26. (When the representative of the departed) had made the libation with the kiâ cup, or the horn, (the sacrificer) was told (to bow to him) and put him at ease. Anciently, the representative stood when nothing was being done; when anything was being done, he sat. He personated the spirit; the officer of prayer was the medium of communication between him and the sacrificer.
27. In straining (the new liquor) for the cup, they used the white (mâo) grass and obtained a clear cup. The liquor beginning to clear itself was further clarified by means of pure liquor. The juice obtained by boiling aromatics (with the extract of millet) was clarified by mingling with it the liquor which had begun to clear itself:—in the same way as old and strong spirits are qualified by the brilliantly pure liquor or that which has begun to clear itself. 28. Sacrifices were for the purpose of prayer, or of thanksgiving, or of deprecation.
29. The dark-coloured robes worn during vigil and purification had reference to the occupation of the thoughts with the dark and unseen. Hence after the three days of purification, the superior man was sure (to seem) to see those to whom his sacrifice was to be offered.
- See the introductory notice, p. 26.
- The object of the statements here and some other paragraphs is to show that the degree of honour was expressed by the "paucity" of the articles; compare last Book, Sect, i, paragraph 8. Perhaps the name Kiâo (郊) in the title should be translated in the plural as the name for all the border sacrifices, or those offered in the suburbs of the capital. There were several of them, of which the greatest was that at the winter solstice, on the round hillock in the southern suburb. Besides this, there was in the first month the border sacrifice for "grain,"—to pray for the blessing of Heaven on the agricultural labours of the year, in which Hâu Kî, the father of the line of Kâu, and its "Father of Husbandry," was associated by that dynasty. There were also the five seasonal border sacrifices, of which we have mention in the different parts of Book IV, though, so far as what is said in them goes, the idea of Heaven falls into the background, and the five deified ancient sovereigns come forward as so many Tîs. In the first month of summer there was, further, a great border sacrifice for rain, and in the last month of autumn a great border sacrifice of thanksgiving. "Of all these border sacrifices," say the Khien-lung editors, "there is clear evidence in classical texts." Into the discussions growing out of them about "one Heaven," or "five Heavens," and about their origin, it is not necessary that I should enter; it would be foreign, indeed, to my object in this translation to do so. The border sacrifices were the greatest religious or ceremonial services of the ancient Chinese; and the fact to which our attention is called in this Book, is that at them there was used only a single victim.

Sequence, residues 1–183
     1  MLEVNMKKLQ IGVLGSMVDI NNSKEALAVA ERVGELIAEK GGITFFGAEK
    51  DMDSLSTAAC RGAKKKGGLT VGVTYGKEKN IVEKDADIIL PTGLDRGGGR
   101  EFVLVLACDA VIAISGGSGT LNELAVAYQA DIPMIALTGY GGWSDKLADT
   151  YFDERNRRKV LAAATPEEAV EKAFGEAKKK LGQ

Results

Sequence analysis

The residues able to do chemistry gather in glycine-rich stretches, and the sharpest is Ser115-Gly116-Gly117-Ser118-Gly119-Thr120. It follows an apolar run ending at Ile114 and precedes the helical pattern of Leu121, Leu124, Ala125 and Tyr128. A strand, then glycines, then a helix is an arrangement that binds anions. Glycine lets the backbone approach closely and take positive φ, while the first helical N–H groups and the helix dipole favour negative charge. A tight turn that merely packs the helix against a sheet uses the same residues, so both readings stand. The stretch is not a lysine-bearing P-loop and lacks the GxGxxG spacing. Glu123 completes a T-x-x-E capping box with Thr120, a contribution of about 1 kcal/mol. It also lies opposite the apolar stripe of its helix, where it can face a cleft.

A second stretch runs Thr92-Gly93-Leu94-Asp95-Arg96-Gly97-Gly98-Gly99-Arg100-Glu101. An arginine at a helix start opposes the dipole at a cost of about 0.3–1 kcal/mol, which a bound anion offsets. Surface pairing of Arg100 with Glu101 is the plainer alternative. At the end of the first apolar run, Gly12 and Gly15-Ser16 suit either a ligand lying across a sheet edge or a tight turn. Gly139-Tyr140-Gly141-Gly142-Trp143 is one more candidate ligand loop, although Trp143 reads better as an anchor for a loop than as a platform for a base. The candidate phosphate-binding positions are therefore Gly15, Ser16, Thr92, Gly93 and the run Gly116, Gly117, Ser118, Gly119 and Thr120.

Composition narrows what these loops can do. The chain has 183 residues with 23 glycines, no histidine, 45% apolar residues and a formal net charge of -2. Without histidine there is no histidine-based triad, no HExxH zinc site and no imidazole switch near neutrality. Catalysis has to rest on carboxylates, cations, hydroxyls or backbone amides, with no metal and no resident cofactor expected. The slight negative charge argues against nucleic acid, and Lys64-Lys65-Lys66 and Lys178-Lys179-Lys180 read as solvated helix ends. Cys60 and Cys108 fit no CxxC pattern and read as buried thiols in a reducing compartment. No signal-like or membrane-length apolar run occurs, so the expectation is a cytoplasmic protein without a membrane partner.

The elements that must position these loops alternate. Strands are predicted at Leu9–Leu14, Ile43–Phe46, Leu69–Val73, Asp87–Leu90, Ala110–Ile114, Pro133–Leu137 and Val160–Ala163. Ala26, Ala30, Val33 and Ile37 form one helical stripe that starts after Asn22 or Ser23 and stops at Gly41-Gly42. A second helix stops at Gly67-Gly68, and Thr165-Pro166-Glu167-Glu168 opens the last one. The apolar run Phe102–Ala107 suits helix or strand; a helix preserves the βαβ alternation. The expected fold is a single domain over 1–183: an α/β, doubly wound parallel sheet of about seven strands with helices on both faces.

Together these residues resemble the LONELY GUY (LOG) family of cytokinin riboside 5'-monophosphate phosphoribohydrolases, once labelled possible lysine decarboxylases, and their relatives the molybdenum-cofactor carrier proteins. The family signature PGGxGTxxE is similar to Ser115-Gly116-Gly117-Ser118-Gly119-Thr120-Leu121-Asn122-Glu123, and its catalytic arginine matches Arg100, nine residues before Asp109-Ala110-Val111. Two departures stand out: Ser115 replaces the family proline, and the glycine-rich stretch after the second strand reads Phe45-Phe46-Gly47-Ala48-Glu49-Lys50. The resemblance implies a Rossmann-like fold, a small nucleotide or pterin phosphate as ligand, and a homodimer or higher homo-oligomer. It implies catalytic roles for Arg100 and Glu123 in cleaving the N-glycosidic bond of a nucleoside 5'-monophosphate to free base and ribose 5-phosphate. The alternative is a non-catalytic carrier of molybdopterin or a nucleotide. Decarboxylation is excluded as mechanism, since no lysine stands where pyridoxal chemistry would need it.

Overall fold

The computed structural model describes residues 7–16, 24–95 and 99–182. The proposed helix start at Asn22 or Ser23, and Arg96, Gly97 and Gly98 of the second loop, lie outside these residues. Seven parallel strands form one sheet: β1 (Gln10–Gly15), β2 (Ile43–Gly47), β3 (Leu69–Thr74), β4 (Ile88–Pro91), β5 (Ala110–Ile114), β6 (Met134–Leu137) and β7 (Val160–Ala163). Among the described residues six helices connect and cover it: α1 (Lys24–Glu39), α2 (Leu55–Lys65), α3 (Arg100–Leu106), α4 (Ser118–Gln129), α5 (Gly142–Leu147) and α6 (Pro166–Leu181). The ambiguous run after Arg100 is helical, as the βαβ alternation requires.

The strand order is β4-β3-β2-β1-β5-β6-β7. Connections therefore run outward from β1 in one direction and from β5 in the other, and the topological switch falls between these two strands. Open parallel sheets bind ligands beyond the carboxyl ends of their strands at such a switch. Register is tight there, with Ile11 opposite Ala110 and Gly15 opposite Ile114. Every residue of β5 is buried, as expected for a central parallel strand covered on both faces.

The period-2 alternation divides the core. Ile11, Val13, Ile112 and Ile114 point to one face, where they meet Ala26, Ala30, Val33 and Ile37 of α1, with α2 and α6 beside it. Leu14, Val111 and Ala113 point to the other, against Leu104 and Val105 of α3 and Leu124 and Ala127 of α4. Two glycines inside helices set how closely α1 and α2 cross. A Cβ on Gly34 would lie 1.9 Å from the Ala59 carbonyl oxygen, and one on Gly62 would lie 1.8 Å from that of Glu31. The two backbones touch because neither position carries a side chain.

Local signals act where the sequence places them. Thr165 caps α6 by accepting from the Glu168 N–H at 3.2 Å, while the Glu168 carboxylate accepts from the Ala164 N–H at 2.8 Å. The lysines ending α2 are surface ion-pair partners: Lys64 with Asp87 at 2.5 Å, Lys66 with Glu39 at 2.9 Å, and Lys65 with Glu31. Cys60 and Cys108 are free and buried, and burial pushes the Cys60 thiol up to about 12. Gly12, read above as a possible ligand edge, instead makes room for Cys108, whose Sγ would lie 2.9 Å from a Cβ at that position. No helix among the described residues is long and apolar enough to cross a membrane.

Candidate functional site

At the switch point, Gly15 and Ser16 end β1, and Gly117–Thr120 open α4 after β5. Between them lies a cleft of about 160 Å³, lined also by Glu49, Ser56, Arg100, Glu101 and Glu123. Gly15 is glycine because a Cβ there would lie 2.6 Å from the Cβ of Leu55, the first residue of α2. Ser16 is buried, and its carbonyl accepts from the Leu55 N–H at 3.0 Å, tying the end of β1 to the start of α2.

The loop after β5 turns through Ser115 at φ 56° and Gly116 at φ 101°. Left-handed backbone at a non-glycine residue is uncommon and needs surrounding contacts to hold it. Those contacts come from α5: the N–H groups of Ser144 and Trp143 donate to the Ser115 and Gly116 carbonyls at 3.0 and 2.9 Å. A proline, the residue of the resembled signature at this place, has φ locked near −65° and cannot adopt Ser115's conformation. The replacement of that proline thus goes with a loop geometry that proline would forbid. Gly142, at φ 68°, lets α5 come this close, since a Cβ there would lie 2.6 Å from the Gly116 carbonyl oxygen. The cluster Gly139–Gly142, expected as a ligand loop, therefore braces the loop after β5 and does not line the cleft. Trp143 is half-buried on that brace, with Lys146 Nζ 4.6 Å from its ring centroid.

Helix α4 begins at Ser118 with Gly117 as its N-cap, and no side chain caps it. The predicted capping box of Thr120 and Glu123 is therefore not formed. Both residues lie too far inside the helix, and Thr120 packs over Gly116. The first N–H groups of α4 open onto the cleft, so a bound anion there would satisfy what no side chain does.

- Why "a calf?" "Because of its guileless simplicity," says Kâu Hsü of our eleventh century; earlier than Kû Hsî, who adopted his explanation. The calf, whether male or female, has not yet felt the appetency of sex, and is unconscious of any "dissipation." This is a refinement on the Hebrew idea of the victim lamb, "without blemish."
- This might be referred to his unwillingness to take life unnecessarily, but for what has just been said about the calf.
- See last Book, Sect, i, 8 ; and Sect, ii, 6.
- Little is said on the meaning of this statement, which appears to say that the most subtle and ethereal thing in sacrifices, the "sweet savour" of the offerings, was the most important, and should excite the worshippers to add to their sincerity and reverence all other graces of character. The same lesson was given to the feudal princes when they were entertained as visitors at the royal court.